References[edit]

  1. ^ "Broadcast Pronunciation Guide and South Dakota Pronunciations". Associated Press. Archived from the original on 2011-06-14. Retrieved 2009-11-10. 
  2. ^ a b "State & County QuickFacts". United States Census Bureau. Archived from the original on July 9, 2011. Retrieved November 25, 2013. 
  3. ^ "Find a County". National Association of Counties. Archived from the original on 2011-05-31. Retrieved 2011-06-07. 
  4. ^ "Dakota Territory, South Dakota, and North Dakota: Individual County Chronologies". Dakota Territory Atlas of Historical County Boundaries. The Newberry Library. 2006. Retrieved March 29, 2015. 
  5. ^ Gannett, Henry (1905). The Origin of Certain Place Names in the United States. Govt. Print. Off. p. 105. 
  6. ^ "2010 Census Gazetteer Files". United States Census Bureau. August 22, 2012. Retrieved March 24, 2015. 
  7. ^ "Population and Housing Unit Estimates". Retrieved April 16, 2018. 
  8. ^ "U.S. Decennial Census". United States Census Bureau. Archived from the original on May 12, 2015. Retrieved March 24, 2015. 
  9. ^ "Historical Census Browser". University of Virginia Library. Retrieved March 24, 2015. 
  10. ^ Forstall, Richard L., ed. (March 27, 1995). "Population of Counties by Decennial Census: 1900 to 1990". United States Census Bureau. Retrieved March 24, 2015. 
  11. ^ "Census 2000 PHC-T-4. Ranking Tables for Counties: 1990 and 2000" (PDF). United States Census Bureau. April 2, 2001. Retrieved March 24, 2015.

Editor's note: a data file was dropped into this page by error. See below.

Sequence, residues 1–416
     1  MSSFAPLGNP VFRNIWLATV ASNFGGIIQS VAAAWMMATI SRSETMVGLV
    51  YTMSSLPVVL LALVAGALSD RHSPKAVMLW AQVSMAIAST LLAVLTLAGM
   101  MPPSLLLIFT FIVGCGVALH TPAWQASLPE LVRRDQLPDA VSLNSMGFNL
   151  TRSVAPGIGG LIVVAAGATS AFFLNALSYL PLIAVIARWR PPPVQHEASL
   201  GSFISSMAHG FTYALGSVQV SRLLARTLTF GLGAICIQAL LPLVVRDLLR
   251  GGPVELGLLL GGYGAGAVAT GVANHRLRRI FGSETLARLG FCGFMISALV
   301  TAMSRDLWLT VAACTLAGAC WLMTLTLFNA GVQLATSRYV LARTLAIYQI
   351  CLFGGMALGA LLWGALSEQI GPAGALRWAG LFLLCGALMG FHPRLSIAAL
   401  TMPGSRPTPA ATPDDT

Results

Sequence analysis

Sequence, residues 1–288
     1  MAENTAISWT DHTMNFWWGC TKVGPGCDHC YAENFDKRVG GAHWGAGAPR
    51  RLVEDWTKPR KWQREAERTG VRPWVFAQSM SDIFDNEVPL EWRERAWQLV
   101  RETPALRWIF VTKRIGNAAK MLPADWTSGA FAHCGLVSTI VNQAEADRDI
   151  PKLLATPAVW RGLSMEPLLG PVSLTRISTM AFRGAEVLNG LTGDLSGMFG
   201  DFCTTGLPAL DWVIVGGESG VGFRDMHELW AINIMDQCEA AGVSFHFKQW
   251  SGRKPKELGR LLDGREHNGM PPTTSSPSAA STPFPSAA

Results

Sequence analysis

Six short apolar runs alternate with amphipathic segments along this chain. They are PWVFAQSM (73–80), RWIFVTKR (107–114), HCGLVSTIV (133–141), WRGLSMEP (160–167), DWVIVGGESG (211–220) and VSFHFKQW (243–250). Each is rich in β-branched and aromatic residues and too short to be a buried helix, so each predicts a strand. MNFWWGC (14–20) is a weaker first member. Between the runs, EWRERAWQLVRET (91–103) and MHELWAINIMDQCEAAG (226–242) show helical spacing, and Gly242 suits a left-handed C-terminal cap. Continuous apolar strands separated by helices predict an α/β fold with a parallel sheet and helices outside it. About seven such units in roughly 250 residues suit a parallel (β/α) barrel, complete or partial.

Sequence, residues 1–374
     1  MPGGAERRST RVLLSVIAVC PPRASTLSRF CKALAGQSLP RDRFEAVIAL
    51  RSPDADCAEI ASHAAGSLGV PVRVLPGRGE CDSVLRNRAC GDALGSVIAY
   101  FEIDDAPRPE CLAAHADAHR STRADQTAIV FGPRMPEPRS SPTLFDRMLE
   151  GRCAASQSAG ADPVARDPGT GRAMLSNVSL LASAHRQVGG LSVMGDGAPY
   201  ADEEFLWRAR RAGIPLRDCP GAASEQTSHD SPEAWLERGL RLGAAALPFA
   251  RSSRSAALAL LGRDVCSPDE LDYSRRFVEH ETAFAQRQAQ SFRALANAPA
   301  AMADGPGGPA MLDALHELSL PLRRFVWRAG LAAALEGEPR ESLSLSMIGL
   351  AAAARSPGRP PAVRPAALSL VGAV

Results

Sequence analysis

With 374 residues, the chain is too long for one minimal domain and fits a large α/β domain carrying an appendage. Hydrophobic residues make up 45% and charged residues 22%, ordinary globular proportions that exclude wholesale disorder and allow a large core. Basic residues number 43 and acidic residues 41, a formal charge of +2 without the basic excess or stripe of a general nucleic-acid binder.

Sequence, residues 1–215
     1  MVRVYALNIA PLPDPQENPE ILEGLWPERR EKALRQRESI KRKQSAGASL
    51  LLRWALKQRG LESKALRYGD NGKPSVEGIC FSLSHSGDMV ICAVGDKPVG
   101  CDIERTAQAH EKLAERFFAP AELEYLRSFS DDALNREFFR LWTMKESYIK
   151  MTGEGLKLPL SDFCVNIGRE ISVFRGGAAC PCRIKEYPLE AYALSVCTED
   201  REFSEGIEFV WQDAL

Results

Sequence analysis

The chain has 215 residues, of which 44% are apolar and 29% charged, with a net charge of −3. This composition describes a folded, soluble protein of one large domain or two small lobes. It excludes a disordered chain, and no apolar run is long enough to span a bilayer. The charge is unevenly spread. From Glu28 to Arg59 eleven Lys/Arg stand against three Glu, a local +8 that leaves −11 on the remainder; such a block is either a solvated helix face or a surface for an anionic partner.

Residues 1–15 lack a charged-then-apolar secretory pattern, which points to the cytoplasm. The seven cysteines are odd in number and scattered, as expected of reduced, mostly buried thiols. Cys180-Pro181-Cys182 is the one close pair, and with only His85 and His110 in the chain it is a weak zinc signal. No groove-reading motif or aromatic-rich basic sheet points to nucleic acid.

12. ^ "American FactFinder". United States Census Bureau. Archived from the original on 2013-09-11. Retrieved 2011-05-14. 
  13. ^ a b c "DP-1 Profile of General Population and Housing Characteristics: 2010 Demographic Profile Data". United States Census Bureau. Retrieved 2016-03-11. 
  14. ^ "Population, Housing Units, Area, and Density: 2010 - County". United States Census Bureau. Retrieved 2016-03-11. 
  15. ^ "DP02 SELECTED SOCIAL CHARACTERISTICS IN THE UNITED STATES – 2006-2010 American Community Survey 5-Year Estimates". United States Census Bureau. Retrieved 2016-03-11. 
  16. ^ "DP03 SELECTED ECONOMIC CHARACTERISTICS – 2006-2010 American Community Survey 5-Year Estimates". United States Census Bureau. Retrieved 2016-03-11. 
  17. ^ Leip, David. "Dave Leip's Atlas of U.S. Presidential Elections". uselectionatlas.org. Retrieved 2018-04-15. 

Coordinates: 44°46′N 96°40′W / 44.76°N 96.67°W / 44.76; -96.67